Financial Reporting Issues
Last month, Jim DeLoach shared four enterprise, process and technology risk issues for audit committees to consider this year. This month’s column focuses on financial reporting – the heart of the audit committee’s agenda. Read on for six additional issues every audit committee should be discussing.
By: Jim Deloach
In last month’s column, we suggested four enterprise, process and technology risk issues for audit committees to consider in 2017.
- Understand the business, technology and other risks that could affect financial and public reporting – Are emerging risks and changes in critical enterprise risks identified in a timely manner? Are cybersecurity, privacy/identity and other related issues adequately considered?
- Watch the warning signs related to the tone of the organization – Are the tone at the top and in the middle aligned and their impact on the organization considered?
- Consider whether the finance organization is contributing the value expected – Are capabilities of finance aligned with the company’s needs?
- Assist the internal audit function in maximizing its potential – Is internal audit performing to the expectations of the audit committee?
As financial reporting lies at the heart of the audit committee agenda, below we add six additional issues for audit committee members to consider. Our suggested agenda is based on interactions with client audit committees, roundtables we have conducted over the past year and discussions with directors at conferences and in other forums, including surveys we have conducted.
Check Progress on Adopting/Implementing the New Revenue Recognition Standard
The International Accounting Standards Board (IASB) and Financial Accounting Standards Board (FASB) have introduced a single comprehensive, principles-based model to conform revenue recognition across the globe, eliminate existing industry-specific guidance and expand revenue-related qualitative and quantitative disclosures. Public companies must adopt the standard no later than annual reporting periods beginning after December 15, 2017, including interim reporting periods therein (e.g., a calendar-year reporting company must adopt in 2018). Private companies must adopt the new rules no later than annual reporting periods beginning after December 15, 2018, including interim reporting periods therein. Therefore, this change is right around the corner.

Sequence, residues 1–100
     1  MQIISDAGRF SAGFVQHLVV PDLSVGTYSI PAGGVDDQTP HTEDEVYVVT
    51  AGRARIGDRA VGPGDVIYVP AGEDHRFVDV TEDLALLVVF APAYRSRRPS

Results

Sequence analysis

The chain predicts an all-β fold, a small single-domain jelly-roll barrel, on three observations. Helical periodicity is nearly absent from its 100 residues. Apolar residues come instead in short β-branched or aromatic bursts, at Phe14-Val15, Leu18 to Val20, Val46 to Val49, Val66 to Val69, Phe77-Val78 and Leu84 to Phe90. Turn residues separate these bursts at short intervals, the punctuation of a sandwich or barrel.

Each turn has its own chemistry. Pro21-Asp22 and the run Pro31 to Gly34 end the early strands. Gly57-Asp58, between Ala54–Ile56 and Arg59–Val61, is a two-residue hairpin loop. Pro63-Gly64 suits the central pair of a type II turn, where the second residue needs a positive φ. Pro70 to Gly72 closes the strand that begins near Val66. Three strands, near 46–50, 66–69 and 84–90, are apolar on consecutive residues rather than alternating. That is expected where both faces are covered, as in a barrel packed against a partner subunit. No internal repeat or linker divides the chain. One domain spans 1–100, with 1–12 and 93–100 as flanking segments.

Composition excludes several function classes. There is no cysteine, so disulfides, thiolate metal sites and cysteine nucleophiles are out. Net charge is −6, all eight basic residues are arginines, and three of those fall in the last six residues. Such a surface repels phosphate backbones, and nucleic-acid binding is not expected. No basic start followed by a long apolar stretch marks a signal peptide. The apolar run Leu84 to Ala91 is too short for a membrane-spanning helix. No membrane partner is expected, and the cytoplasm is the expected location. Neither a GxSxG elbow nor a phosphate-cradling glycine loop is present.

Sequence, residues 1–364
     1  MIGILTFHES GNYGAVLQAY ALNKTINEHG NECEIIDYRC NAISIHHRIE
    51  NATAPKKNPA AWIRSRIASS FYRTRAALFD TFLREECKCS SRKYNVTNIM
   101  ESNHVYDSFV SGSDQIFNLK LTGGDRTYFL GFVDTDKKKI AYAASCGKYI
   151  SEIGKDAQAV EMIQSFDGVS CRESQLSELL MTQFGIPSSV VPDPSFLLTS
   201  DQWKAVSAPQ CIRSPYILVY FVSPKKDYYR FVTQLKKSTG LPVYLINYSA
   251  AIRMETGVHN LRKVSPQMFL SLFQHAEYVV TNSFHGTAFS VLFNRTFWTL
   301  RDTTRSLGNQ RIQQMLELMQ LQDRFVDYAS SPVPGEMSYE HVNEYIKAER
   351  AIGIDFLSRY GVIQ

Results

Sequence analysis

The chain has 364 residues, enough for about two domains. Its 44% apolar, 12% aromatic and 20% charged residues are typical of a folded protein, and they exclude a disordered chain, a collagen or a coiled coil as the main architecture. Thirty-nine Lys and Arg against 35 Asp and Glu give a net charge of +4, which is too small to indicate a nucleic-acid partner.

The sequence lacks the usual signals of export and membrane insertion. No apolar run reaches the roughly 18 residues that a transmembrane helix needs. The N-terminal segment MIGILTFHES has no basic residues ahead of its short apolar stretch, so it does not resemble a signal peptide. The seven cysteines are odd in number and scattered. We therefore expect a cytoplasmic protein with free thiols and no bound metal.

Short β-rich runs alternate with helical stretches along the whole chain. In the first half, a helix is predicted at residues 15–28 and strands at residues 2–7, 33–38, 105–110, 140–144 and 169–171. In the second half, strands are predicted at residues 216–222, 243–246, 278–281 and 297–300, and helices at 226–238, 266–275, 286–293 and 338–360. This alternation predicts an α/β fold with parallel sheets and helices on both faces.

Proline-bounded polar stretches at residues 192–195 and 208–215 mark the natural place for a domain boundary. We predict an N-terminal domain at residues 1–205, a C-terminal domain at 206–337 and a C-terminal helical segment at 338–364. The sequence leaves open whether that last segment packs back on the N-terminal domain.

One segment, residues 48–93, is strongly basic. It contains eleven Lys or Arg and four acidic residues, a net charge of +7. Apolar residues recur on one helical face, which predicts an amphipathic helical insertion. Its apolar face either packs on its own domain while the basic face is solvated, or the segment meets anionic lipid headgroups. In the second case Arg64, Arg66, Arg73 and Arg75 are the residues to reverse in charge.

Implementation of the standard, which has been out for quite some time, could be a significant undertaking. In the past, the message was to assess its impact fully and implement the necessary changes across the company’s processes, systems and controls and possibly even to its current contractual relationships. Now, the message is to get busy with sizing the impact and determining the transitional method to use – either retrospective or prospective – and whether to adopt early (in 2017) or just in time (2018). Executives and directors need to understand how the standard will impact their companies and how the finance team will meet the deadline for adoption.
Audit committees should assess where management stands with respect to taking the following steps to get on top of the transition process:
- Educate executives and their teams with overall responsibility for the transition.
- Assess the current revenue recognition policy against the standard and identify expected changes.
- Depending on the significance of accounting policy gaps, consider the need for involving others to assist in the transitional process.
- Perform a high-level analysis of any data gaps.
- Develop a high-level approach to the transition method.
- Identify and assess additional resource needs.
- Educate the decision-makers.
The above is a high-level summary. These steps and other important topics relating to the new standard, including the potential significant accounting and reporting changes, industry implications and a transition roadmap, are discussed in other venues. For example, an issue of Protiviti’s The Bulletin provides a more in-depth overview.
Ensure the Company Is Monitoring and Reacting to Financial Reporting “Hot Buttons”
The audit committee should focus its inquiries on sensitive areas in which propriety of past accounting and disclosure practices can be and are being questioned. Audit areas in which significant deficiencies have been found in recent years in PCAOB inspections include auditing internal control over financial reporting, assessing and responding to risks of material misstatement, auditing accounting estimates (including fair value measurements) and deficient “referred” work in cross-border audits in certain countries. The PCAOB’s prior communications have also provided some indicators of potential emerging risks that the board’s inspection process will consider in the coming year – e.g., increase in mergers and acquisitions, undistributed foreign earnings and maintaining audit quality as the audit firm grows other business lines (consulting services). The audit committee should watch for further communications from the PCAOB regarding financial reporting “hot buttons.”